In Yuma County we have, like many rural counties, a special kind of "hunt", one that requires a deserted country road, bright lights and a burlap sack.  It's a fools errand for the unsuspecting: "snipe hunting". Today's Capitol Hill Kabuki Theater offers us yet another version of the game – a political snipe hunt – complete with the four cornerstones and our very own Congressman.

A snipe hunt is a practical joke that involves experienced people making fun of newcomers by giving them an impossible or imaginary task; a specific type of "wild-goose chase" where a person embarks on an impossible search. A snipe hunt is always initiated by a person as a prank, it is never accidental.

It's hard to know where to start – or where the story will end.  His position on the federal shutdown? Disaster Assistance hypocrisy?  His refusal to back up his health premium hike claims? Thousands of children living in childhood poverty in CD4? The KeystoneXL pipeline?  What does a river in Alaska and a Congressman from Yuma have in common?  Farm Bill subsidies?  Supplemental Nutritional Assistance Program funding?

The common thread to his votes?  His constituents? 

Please. Another guess? [hint: psst, over there —-> ]


How quickly he mastered how Washington works. Let's get started…


The ‘Tolling of the Bell’ for Sunflower?

(Promoted by Colorado Pols)

On Friday the Kansas Supreme Court, in a unanimous decision, invalidated the air pollution permit granted to Sunflower Electric Power Corporation for their proposed Holcomb coal plant. This is a significant development in what has become a series of [failed] attempts by Sunflower, who is nothing more than a proxy for Tri-State Generation and Transmission, to construct what would be one of the last coal plants in the United States.  This, on the heels of a U.S. District Court of Appeals for the District of Columbia in May  rejecting a plea from Sunflower to overturn a 2012 federal judge's ruling that put the project on hold. The decision ordered the Rural Utilities Service, which is part of the U.S. Department of Agriculture, to complete an environmental study before deciding whether to grant federal consent for the new unit.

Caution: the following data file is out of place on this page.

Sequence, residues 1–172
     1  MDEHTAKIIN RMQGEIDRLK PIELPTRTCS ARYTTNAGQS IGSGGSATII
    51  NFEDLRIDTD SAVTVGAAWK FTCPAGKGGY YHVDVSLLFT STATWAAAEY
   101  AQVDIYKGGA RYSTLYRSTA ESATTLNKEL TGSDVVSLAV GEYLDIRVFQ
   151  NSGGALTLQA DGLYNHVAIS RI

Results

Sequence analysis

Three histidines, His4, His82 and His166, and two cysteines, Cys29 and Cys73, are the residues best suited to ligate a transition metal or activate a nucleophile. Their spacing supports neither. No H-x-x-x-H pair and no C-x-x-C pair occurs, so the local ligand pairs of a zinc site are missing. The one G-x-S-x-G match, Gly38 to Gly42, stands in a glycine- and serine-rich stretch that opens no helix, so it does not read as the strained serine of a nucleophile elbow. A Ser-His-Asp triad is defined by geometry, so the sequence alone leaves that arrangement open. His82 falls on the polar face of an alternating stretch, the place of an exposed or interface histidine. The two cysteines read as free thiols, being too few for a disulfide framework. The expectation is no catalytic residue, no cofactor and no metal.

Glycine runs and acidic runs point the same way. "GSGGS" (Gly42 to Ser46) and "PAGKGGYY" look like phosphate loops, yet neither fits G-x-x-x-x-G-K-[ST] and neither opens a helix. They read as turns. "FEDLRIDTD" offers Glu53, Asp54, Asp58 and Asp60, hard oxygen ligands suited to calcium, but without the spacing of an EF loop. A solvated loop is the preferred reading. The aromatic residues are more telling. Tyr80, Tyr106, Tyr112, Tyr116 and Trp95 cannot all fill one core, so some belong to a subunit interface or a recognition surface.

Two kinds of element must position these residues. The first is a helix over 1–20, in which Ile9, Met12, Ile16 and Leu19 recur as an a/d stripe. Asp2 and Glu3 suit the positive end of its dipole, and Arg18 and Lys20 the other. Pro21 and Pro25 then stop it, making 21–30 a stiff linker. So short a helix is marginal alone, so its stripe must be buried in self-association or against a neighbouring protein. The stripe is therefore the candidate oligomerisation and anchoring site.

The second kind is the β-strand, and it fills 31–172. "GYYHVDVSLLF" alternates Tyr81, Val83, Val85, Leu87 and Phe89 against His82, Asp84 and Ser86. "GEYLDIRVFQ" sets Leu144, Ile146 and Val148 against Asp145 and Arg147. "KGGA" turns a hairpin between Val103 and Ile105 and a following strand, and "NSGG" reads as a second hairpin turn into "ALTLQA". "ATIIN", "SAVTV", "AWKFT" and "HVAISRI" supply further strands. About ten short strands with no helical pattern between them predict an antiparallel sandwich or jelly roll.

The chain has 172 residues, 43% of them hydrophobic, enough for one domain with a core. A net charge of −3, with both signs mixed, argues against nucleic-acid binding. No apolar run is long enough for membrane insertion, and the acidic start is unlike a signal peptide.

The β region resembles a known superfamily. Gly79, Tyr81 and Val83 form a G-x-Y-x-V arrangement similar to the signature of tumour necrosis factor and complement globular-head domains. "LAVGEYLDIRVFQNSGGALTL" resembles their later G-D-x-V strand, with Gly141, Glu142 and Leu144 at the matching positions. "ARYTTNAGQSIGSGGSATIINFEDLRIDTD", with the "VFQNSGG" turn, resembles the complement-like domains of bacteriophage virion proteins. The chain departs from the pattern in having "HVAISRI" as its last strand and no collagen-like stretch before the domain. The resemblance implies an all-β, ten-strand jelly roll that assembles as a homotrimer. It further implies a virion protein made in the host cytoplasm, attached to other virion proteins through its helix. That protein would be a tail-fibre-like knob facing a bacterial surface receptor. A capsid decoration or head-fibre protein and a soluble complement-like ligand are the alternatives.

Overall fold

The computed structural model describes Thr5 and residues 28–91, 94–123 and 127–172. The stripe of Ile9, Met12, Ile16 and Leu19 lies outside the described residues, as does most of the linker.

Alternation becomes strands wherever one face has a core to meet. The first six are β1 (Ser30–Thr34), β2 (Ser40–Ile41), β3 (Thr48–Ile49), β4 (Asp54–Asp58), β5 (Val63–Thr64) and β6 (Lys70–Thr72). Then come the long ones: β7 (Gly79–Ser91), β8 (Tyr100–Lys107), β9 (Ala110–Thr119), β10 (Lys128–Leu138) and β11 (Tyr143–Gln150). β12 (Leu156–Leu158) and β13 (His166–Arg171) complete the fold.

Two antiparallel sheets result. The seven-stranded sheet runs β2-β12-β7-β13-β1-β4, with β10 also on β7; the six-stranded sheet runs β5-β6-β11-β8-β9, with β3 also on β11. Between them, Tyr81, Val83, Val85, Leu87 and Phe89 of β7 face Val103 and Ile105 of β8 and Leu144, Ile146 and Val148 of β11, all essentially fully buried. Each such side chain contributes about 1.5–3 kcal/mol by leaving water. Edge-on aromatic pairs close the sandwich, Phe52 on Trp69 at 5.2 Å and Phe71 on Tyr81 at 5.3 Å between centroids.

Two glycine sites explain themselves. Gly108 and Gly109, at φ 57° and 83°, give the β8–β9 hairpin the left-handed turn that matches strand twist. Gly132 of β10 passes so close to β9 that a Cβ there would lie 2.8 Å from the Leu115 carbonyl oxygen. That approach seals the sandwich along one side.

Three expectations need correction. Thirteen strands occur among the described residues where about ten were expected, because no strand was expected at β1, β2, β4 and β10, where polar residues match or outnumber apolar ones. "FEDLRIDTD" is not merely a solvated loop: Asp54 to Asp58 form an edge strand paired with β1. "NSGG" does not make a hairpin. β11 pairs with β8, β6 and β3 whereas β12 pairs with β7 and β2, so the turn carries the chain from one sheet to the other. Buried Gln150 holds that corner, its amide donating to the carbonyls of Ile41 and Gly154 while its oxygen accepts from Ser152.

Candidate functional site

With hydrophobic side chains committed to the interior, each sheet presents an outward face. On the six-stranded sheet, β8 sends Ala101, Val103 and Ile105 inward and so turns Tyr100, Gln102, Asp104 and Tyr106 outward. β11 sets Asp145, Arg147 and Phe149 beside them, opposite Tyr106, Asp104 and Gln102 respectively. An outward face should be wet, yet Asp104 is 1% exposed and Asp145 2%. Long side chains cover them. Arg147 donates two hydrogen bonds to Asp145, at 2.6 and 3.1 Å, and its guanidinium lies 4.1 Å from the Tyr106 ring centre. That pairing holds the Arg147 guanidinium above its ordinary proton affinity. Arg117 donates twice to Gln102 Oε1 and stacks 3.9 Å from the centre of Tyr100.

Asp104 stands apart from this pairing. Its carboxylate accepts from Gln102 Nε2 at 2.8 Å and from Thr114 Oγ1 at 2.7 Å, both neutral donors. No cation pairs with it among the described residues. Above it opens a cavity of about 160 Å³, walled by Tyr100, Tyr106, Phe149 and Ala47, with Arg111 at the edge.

Even in light of this latest judicial spanking, the Sunflower Electric response is "it will continue to take the steps necessary to preserve and advance the project."

Sunflower is  plagued with financial challenges and owes hundreds of millions of dollars in taxpayer-subsidized loans. Today, they seek forgiveness of portions of the loan principal so that private financing for this project can be secured; they are also attempting to circumvent due process through an amendment to the pending Farm Bill.  Even before a single shovel of earth is turned, financing and environmental compliance challenges should be ringing every bell in the proverbial "fire house".

The construction of this plant wouldn't be plausible at all if it weren't for Tri-State committing the purchasing power of its Colorado, Wyoming, Nebraska & New Mexico rate payers to the Kansas project.

Smoking?There is nothing cheap about coal. And there is an irony in the region's claim they are "fiercely independent". When you need the loan forgiveness of the American taxpayer to the tune of hundreds of millions of dollars and the circumvention of the financial and judicial process to build a plant that you tout to your members as "cheap", perhaps its time to step back from the Kool-Aid and ask ones self the hard questions.